Underhood: Understanding Belt-In-Oil Timing Systems
Factory-fresh serpentine belts can last more than 100,000 miles, depending on the application. Unfortunately, replacement belts might not last as long. Understanding why this is the case will allow your shop to help your customers get the most out of their next belt.
When a customer purchases a new vehicle or one with low miles on it, they become accustomed to having certain parts on the car last a long time. The average serpentine drive belt, for example, can last 60,000-100,000 miles after it was installed at the factory during the vehicle’s assembly.
While it isn’t unreasonable for a customer to expect the same service life on a replacement belt, in many cases, they see significantly less miles of service from the replacement belt. Let’s explore a few reasons why and how you put yourself in a position to see longer service intervals on the subsequent belts.
In short, you’re not dealing with a component, you’re dealing with a system. The serpentine drive belt system is actually made up of a set of sub-systems, designed to work in concert with one another. The belt will see different loads depending on the accessory being driven during the operation of the vehicle.
The initial replacement belt
In most instances, the customer will have related underhood work or a preventive maintenance inspection during which the technician has suggested belt replacement for a variety of reasons. Most common are normal wear, usually revealed using a belt wear gauge, hearing belt squeak or visually due to contamination from petroleum products.
However, it’s more than just the serpentine belt.
Tensioners wear at the same rate as the belt. The belt tensioner is spring-loaded, and the constant movement of the tensioner will wear down the spring’s ability to apply the correct amount of force to the belt. A belt without the appropriate force applied will not effectively drive the accessory pulleys, which creates an inefficient transfer of power, underperforming accessories and accelerated wear of the newly installed belt.
Idler pulleys and tensioner pulleys have sealed ball bearings and are designed with the same service life as a typical serpentine belt. A worn-out bearing can cause the pulley to operate at an abnormal angle, creating excessive wear on one side of the belt.
Another issue could be a seized pulley, resulting in the pulley breaking off the pulley mount. This, in turn, causes the belt to ride off the pulleys.
According to a leading belt manufacturer, pulley misalignment is the number one cause of belt chirp on serpentine belt systems. In addition to an annoying belt chirp, misaligned pulleys will actually accelerate belt wear.
To most accurately inspect the pulley system, use a laser alignment tool. By doing so, you can uncover if you have one or more belt-eating culprits such as parallel or angular misalignment. Pulley run-out is misalignment from a bent component shaft or worn bearings. During your inspection, keep an eye out for bent or broken accessory brackets, and look for loose, missing or broken bolts – these items will contribute to belt alignment issues.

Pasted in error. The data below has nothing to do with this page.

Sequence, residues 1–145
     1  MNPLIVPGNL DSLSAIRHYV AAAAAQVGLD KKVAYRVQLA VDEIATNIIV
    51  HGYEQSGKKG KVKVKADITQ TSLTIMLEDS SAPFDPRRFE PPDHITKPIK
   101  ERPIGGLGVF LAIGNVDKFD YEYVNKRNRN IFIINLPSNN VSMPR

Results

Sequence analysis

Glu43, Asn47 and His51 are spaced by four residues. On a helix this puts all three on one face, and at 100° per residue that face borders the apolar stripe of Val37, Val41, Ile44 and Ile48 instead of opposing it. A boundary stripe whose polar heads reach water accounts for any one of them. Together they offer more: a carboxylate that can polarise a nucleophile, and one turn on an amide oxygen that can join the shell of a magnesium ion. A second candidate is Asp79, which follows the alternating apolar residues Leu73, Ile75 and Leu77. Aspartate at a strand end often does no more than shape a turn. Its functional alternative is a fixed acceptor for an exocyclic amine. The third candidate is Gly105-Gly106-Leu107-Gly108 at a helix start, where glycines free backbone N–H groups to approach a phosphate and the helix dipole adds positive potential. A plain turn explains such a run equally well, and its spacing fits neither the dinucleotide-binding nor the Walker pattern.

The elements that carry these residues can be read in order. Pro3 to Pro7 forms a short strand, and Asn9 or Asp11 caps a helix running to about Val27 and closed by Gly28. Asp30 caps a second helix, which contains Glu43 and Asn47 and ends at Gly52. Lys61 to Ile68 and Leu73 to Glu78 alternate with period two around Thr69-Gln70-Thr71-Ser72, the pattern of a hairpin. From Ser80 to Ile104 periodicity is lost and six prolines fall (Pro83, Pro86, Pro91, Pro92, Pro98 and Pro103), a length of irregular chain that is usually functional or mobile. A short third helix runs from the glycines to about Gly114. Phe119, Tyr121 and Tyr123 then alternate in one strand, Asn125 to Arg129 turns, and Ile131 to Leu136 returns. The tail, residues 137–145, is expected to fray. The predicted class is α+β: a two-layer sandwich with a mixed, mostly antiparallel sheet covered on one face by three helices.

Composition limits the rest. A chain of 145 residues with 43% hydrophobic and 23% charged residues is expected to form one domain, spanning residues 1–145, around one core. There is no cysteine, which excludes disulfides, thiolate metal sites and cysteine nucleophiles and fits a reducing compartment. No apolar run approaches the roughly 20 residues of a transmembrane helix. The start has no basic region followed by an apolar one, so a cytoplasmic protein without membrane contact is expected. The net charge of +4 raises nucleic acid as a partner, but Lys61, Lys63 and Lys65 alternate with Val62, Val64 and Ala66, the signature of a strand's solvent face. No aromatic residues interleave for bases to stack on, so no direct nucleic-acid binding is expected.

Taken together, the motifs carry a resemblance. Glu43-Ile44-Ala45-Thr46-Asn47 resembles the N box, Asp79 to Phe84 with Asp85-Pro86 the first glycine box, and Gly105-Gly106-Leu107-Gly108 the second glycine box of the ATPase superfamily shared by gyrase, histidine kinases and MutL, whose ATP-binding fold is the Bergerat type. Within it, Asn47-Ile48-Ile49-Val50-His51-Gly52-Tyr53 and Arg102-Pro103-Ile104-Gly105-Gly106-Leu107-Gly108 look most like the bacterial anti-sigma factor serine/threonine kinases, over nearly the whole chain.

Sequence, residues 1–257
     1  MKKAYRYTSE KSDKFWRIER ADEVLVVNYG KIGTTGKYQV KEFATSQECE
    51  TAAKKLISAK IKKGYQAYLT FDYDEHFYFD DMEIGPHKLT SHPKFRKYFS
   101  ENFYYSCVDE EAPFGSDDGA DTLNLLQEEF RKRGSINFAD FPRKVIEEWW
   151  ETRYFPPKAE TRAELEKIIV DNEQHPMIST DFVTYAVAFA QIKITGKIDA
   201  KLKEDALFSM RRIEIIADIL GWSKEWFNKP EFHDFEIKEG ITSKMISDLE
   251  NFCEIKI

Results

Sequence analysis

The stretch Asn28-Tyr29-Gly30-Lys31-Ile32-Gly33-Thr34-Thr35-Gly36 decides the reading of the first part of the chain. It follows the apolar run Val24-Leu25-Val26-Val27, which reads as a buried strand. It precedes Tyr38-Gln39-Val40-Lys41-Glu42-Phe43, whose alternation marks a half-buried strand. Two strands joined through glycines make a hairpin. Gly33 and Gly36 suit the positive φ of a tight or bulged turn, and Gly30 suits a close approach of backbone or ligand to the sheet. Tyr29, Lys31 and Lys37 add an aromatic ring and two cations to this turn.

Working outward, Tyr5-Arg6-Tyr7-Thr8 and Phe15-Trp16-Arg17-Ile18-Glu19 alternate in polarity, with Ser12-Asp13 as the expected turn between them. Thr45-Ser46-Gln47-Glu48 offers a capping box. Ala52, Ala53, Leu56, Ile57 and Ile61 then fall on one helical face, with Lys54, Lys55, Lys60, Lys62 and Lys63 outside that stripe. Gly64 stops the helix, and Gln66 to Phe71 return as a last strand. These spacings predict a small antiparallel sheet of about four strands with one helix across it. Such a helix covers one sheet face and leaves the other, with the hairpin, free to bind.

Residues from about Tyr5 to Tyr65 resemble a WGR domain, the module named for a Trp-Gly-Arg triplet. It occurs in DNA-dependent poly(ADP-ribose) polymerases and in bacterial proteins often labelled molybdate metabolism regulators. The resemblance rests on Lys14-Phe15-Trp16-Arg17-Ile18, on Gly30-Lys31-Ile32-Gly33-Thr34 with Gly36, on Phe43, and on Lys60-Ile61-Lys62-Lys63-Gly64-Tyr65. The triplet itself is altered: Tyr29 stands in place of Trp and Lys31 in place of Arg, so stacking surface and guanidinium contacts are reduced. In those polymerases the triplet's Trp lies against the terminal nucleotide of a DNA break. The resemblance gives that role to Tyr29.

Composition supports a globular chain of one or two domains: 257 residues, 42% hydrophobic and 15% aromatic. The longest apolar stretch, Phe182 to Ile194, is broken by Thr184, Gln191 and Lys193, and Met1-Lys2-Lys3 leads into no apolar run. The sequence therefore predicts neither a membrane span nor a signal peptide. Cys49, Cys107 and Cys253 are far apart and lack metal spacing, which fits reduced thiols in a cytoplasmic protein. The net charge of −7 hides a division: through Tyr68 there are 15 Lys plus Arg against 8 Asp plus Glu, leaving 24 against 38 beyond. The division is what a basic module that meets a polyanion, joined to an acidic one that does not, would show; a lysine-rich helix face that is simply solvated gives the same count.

Contributors to belt failure
Be sure fluid leaks are addressed at the time of belt replacement. Petroleum-based fluids will soften belt material, causing the belt to weaken, wear faster and, in some cases, cause belt delamination. Along with oil-based leaks, a coolant leak might not cause physical belt damage but will cause the belt to slip on the pulleys. The slippage will cause the belt to wear and add heat to the belt which can result in premature belt failure.
When the technician suggests a belt replacement, our default is to order just the belt and install it to correct the deficiency. Consider though, that the most efficient solution may be a belt kit that includes a new belt, belt tensioner and idler pulley for the application. Installation of the kit can reduce comebacks, save time by performing the complete belt service at one time and increase sold hours.
In a nutshell, belt replacement is one of the simplest jobs in the shop and, in most cases, will be performed by a less-experienced technician. Create a best practice that includes a standardized inspection and installation process that each technician, regardless of their experience, should follow. This will ensure that each service visit is maximized from the customer and shop’s perspective. Time is the most valuable resource in the shop, whether you are a customer, manager or technician.
Following this process each and every service visit will go a long way toward increasing customer satisfaction and profitability.
This article appeared in Underhood Service.